While much of the attention has focused on energy conservation and natural resource protection, there is a growing component related to public health. This is exemplified, for example, in the Fitwel building rating system, which aims to support human health by encouraging building spaces that promote clean air and drinking water, encourage physical activity, provide views of nature and daylight, and foster a culture of healthy habits; all measures which are backed by peer-reviewed scientific studies on improving human health.
The challenge facing building owners is to incorporate these same concepts into operational models to create value. Can investments in healthful indoor environmental quality through the use of low-VOC products create a more desirable environment for customers and employees? Will they show preference to a property that promotes its actions to maintain a healthful environment?
Managing the Madness
The myriad of complexities, as well as a continually evolving landscape of issues, underscores the need for an environmental health risk management or “healthy building” program that is both interdisciplinary and scalable. An effective program blends several components, including systems for:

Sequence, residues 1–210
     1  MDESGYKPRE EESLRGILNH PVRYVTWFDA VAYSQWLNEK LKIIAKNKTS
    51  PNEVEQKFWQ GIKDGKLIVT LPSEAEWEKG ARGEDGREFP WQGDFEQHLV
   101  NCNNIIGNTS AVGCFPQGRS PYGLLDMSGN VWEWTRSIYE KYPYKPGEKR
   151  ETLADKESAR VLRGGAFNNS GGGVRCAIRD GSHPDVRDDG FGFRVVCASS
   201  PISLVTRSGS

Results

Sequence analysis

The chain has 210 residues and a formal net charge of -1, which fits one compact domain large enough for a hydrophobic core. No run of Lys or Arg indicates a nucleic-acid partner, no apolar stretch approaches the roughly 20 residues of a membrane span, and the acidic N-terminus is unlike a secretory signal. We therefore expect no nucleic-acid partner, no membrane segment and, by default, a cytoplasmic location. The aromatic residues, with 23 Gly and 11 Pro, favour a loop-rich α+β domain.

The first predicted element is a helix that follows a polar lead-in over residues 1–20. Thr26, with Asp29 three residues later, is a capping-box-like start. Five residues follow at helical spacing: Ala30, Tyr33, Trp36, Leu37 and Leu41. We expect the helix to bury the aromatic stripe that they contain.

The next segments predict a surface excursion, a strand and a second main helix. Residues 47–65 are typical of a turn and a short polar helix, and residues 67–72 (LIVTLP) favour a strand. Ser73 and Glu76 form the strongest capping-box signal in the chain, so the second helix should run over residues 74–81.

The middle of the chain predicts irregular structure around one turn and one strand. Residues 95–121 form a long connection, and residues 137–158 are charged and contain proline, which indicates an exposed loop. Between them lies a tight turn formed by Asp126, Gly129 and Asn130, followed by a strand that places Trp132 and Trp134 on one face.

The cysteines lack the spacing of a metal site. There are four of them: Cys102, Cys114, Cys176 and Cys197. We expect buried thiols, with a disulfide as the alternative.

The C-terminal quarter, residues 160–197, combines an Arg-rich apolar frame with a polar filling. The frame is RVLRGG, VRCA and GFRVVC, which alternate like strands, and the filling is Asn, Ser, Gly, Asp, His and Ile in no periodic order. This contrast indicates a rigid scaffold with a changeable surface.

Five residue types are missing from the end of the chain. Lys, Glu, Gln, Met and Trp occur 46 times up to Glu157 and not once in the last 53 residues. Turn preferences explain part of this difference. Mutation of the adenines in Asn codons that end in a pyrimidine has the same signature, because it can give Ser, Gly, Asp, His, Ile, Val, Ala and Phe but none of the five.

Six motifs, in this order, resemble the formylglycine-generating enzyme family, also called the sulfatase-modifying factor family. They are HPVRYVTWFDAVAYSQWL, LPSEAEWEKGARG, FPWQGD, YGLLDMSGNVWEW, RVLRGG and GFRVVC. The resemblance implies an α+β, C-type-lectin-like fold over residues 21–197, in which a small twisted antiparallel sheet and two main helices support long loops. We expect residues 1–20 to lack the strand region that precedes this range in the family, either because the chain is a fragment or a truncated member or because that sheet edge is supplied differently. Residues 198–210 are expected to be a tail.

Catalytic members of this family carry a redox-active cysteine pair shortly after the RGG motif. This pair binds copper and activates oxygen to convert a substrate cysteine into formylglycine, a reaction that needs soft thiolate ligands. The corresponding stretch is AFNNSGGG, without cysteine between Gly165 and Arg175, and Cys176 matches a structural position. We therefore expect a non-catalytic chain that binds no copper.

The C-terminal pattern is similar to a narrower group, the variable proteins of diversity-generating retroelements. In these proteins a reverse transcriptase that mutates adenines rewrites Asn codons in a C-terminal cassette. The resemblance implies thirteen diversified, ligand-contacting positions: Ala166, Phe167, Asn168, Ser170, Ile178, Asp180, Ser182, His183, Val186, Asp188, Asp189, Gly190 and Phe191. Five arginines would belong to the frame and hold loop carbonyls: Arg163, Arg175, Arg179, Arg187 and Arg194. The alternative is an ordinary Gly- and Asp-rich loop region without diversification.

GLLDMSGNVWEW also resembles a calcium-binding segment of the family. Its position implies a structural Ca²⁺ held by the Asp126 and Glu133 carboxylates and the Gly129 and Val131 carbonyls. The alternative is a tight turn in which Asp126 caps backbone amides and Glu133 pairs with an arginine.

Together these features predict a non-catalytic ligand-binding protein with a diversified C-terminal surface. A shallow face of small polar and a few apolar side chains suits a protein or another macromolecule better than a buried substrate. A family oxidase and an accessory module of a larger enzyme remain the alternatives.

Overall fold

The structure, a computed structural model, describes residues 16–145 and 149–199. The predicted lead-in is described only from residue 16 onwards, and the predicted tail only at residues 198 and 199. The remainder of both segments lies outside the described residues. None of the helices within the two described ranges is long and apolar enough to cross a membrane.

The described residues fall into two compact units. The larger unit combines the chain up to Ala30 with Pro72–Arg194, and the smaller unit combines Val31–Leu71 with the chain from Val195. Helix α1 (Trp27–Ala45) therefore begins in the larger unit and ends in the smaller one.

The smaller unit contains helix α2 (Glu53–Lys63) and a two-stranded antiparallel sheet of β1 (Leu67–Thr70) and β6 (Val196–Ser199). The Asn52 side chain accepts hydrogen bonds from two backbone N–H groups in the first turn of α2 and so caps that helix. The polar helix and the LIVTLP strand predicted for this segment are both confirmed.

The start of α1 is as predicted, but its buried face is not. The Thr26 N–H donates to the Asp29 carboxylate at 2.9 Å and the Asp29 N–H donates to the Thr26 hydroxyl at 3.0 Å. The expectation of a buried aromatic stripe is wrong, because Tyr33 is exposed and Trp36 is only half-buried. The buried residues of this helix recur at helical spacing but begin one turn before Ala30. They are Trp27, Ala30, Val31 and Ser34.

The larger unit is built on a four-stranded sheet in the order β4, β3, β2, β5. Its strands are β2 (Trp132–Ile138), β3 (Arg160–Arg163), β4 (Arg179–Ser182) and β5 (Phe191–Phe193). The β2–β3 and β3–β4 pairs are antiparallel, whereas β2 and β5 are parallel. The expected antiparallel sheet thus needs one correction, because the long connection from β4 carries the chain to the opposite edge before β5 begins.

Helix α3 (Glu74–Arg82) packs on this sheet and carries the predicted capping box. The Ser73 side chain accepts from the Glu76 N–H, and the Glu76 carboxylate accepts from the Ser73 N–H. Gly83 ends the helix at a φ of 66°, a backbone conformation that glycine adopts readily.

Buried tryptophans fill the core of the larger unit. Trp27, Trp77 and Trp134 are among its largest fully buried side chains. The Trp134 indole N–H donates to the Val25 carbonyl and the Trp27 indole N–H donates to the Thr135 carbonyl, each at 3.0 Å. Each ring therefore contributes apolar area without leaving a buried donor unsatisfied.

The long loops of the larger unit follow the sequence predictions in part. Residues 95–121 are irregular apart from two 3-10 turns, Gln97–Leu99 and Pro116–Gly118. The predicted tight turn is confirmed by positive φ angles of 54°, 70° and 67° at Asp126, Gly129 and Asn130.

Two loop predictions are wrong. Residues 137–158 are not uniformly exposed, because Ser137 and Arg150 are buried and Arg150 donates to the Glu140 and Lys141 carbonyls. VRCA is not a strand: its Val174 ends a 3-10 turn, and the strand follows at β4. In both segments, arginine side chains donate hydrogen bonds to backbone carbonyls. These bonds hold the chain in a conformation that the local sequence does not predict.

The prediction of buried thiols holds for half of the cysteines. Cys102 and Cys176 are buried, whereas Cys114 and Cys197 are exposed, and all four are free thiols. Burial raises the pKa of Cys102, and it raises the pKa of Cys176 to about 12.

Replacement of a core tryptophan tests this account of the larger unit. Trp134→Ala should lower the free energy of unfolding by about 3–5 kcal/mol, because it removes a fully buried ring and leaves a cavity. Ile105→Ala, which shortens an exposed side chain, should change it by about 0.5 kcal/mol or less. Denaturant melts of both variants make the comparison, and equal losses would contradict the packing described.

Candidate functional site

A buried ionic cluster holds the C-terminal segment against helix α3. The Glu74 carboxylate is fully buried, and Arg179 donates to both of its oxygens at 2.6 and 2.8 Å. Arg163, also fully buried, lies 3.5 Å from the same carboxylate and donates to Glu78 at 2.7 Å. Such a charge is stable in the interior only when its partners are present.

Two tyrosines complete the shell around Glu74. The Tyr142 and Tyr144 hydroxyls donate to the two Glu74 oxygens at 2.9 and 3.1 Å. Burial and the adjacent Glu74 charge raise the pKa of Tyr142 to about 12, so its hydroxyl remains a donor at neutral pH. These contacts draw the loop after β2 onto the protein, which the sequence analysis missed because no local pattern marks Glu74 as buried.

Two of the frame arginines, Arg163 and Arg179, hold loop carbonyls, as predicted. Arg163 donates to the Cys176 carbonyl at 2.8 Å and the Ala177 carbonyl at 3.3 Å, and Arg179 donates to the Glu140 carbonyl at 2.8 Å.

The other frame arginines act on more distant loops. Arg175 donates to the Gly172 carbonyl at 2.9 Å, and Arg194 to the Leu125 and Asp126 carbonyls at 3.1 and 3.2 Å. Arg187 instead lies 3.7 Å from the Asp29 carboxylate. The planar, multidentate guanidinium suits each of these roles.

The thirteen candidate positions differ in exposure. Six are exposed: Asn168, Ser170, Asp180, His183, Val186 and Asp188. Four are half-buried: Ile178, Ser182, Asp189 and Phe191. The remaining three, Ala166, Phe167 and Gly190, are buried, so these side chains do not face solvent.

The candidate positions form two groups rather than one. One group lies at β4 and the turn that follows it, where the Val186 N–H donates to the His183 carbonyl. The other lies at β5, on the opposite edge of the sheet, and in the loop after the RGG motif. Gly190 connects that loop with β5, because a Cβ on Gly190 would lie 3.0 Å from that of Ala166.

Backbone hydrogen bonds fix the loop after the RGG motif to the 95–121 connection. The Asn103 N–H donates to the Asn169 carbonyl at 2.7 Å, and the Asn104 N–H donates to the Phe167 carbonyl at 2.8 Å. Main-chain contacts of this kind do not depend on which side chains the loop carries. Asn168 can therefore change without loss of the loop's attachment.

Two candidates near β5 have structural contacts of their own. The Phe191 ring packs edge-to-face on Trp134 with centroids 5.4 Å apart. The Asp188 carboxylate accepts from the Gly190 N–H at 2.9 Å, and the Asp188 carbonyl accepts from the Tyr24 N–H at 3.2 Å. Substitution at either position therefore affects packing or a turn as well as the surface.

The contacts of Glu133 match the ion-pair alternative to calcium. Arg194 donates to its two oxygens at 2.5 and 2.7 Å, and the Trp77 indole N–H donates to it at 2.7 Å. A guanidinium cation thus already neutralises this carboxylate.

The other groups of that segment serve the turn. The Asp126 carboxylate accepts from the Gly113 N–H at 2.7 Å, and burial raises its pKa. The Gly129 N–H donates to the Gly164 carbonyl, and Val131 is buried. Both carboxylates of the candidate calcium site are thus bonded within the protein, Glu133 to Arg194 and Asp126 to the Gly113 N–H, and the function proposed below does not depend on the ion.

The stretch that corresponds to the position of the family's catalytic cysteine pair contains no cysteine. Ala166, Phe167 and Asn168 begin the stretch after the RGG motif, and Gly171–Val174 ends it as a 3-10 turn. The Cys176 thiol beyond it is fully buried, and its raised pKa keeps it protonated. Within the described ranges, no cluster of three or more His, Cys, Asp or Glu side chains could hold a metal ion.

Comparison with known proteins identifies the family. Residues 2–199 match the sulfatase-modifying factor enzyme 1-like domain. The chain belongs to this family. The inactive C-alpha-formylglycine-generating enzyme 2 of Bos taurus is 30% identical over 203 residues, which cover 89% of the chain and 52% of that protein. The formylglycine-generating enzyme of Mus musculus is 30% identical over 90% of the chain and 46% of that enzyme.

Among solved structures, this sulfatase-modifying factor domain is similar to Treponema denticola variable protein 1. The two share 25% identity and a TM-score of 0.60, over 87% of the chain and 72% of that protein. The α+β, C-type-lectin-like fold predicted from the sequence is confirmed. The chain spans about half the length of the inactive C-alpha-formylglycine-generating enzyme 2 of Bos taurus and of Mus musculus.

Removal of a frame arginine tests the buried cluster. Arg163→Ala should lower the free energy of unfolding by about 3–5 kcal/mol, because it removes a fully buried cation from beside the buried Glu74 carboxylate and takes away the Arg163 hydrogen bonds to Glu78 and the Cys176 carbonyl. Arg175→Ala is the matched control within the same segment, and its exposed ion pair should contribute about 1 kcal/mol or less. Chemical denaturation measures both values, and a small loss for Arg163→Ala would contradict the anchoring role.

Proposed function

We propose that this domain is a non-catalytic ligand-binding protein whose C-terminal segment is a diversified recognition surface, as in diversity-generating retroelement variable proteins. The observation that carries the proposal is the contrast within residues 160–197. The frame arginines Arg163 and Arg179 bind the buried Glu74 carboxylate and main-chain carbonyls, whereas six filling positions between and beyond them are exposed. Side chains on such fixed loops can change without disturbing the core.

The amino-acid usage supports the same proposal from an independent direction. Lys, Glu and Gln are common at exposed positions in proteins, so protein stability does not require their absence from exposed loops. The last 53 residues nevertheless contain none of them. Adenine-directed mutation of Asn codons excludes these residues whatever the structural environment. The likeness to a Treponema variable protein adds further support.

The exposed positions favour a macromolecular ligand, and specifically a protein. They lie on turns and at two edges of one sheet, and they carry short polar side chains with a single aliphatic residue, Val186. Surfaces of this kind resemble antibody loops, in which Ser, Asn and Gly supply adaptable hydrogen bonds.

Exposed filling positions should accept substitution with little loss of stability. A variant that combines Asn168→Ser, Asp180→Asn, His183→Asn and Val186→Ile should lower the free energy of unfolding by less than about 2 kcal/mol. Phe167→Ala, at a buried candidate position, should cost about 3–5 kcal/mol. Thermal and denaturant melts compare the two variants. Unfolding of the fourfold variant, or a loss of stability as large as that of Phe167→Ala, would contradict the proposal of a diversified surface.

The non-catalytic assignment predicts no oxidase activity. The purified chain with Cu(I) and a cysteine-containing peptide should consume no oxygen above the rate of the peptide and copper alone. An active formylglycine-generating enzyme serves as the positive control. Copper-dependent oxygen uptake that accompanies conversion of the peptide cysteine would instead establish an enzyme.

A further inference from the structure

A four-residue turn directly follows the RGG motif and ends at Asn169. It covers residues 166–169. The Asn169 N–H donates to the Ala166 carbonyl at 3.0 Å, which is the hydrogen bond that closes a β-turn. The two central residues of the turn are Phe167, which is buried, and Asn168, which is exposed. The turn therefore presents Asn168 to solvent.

- Identifying the agents of concern and issues to be managed;
- Determining the critical control measures that should be taken to minimize risks;
- Verifying that control measures are being effectively implemented; and
- Validating that they are effective in addressing the agents and issues of concern.
- Ensuring a contingency plan is in place to respond to issues that escalate.
The good news is that most environmental health problems can be prevented through management. When incidents do arise, properly planned and executed responses significantly reduce the potential impact upon people and assets. Within each crisis lies opportunity.
To get help from our team of environmental experts: Call FACS at (888) 711-9998.